A STATE PANEL will meet on Wednesday to decide whether it needs to write explanations for the two constitutional amendments that are to appear on the November ballot. The short answer is yes.
Even though the proposed changes are fairly straightforward, they’re written in the sort of legalese that a lot of people have a difficult time wading through.
The important question asks voters to end South Carolina’s status as the only government in the free world that chooses the head of its military by plebiscite. The single-sentence question runs 167 words, which is fairly typical. That’s why state law allows the attorney general, election director and director of the bill-writing Legislative Council to write explanations to appear on the ballot alongside the questions themselves.
Unfortunately, those explanations, written by people who are quite accustomed to the legalese, sometimes are just as complicated as the questions themselves.
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Here’s a 46-word explanation for that first question; we’re sure it’s not perfect, but it uses the sort of simple sentence structure that the commission ought to aim for: “The adjutant general is currently elected by voters. A ‘yes’ vote would allow the governor to appoint the adjutant general, with Senate approval. The Legislature has passed a law establishing minimum qualifications, and spelling out the conditions for removing the adjutant general before his four-year term ends; the Legislature would be free to change that law.”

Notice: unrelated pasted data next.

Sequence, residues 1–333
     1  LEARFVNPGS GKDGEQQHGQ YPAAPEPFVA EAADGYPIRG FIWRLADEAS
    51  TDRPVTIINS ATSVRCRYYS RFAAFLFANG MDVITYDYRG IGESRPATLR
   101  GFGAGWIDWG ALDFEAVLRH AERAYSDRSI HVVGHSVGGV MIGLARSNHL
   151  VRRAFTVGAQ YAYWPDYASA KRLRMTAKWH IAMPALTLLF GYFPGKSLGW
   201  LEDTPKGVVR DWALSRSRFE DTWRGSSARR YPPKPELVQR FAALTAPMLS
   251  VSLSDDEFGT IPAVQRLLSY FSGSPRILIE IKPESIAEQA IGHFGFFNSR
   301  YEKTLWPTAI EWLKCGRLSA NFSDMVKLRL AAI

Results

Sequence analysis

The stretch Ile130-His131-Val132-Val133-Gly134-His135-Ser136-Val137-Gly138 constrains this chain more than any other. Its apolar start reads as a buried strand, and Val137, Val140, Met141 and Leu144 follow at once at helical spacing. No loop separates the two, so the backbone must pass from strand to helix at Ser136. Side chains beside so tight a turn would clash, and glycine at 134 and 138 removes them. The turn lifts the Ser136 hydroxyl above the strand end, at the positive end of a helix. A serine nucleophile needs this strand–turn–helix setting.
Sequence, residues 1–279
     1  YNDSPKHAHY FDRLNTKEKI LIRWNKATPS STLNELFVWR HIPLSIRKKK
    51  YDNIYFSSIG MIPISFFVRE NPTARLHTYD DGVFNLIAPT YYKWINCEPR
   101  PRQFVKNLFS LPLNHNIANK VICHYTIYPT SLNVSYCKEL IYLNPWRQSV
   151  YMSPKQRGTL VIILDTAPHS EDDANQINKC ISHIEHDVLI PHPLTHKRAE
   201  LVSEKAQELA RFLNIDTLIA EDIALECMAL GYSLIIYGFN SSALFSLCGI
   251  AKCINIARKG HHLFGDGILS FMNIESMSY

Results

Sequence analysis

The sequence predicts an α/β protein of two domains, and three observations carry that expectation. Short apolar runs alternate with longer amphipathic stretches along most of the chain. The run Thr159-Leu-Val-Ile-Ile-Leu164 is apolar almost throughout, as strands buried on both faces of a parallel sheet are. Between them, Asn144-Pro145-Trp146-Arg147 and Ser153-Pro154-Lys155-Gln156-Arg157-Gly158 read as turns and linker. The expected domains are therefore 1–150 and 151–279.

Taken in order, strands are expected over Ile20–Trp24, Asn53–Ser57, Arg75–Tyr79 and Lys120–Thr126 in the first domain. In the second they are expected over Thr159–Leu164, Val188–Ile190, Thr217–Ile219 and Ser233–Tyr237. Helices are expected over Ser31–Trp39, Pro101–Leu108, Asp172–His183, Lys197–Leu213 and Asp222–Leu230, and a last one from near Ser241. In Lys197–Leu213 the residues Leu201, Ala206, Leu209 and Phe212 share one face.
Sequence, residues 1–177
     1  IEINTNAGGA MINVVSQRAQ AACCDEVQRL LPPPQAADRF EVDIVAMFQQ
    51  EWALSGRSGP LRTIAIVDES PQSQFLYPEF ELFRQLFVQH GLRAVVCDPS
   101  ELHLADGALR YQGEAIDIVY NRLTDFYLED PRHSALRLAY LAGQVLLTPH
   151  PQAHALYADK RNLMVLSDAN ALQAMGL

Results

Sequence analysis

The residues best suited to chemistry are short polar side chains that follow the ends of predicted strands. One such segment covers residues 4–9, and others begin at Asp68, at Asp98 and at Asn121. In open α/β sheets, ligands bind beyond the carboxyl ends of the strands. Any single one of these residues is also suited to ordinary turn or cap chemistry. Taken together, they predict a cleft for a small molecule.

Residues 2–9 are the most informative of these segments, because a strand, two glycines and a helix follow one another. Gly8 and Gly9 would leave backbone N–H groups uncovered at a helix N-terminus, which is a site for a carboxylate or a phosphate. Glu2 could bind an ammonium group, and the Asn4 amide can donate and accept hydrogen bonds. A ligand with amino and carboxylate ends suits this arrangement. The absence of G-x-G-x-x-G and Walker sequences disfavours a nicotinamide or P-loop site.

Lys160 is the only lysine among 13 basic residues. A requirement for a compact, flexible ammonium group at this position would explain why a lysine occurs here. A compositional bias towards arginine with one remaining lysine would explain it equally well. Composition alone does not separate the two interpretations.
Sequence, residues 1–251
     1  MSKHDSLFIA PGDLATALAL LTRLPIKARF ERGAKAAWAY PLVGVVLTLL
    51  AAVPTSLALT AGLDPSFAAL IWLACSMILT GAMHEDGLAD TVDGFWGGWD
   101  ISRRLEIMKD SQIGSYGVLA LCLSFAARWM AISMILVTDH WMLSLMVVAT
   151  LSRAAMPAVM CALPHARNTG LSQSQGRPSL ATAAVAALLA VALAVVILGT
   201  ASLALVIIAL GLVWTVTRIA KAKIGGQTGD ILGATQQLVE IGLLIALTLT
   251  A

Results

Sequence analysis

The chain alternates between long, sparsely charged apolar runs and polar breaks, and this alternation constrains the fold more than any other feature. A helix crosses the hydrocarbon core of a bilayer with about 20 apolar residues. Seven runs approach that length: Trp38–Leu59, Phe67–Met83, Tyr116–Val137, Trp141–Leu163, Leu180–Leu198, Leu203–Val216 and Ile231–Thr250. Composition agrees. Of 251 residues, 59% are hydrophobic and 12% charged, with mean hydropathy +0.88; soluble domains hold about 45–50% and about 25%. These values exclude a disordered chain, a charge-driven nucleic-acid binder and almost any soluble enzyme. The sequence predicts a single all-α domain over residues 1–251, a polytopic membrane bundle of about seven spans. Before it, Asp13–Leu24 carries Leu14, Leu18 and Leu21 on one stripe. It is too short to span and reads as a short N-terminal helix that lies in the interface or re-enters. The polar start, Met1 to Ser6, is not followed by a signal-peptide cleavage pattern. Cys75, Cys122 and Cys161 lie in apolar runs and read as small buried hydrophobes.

The other question allows charities to hold raffles, under rules spelled out by the Legislature. It’s probably a little less convoluted than the adjutant general question, but it could stand a simple explanation as well.
Unfortunately too, there’s no such help for Lexington County’s local referendum asking voters to increase the sales tax by a penny on the dollar to pay for infrastructure projects. The law that the County Council used to call this referendum requires every project to be listed on the ballot, along with its cost and a brief explanation; since the county chose to include 93 projects, election officials expect the ballot to run as much as 20 pages. To call that ridiculous insults the word ridiculous.
As long as the Legislature is going to encourage local governments to keep raising the sales tax — often requiring them to use the money for wants rather than needs — it ought to allow a shorter explanation for such packages. Better still, the Legislature ought to stop encouraging local governments to raise the sales tax, which already is higher than it ought to be.
Much more than a high property tax or even income tax — neither of which South Carolina has, when compared to other states — a high sales tax has a direct negative effect on our economy, driving shoppers across state lines and onto the internet, where they often don’t pay sales tax. (That’s illegal, by the way, but it’s practically impossible to catch people who don’t pay that tax, so most people don’t.)
Instead of encouraging local governments to raise the tax that already is too high, the Legislature should remove the limitations it has placed on local officials’ ability to raise taxes as they see fit. If voters don’t like their elected officials’ decisions, they can take care of that.
Meantime, we would encourage voters to review all of the ballot questions well before they go to the polls, and to be prepared to vote without wading through all the explanations. Otherwise, at least in Lexington County, it’s going to be a long and miserable day at the polls.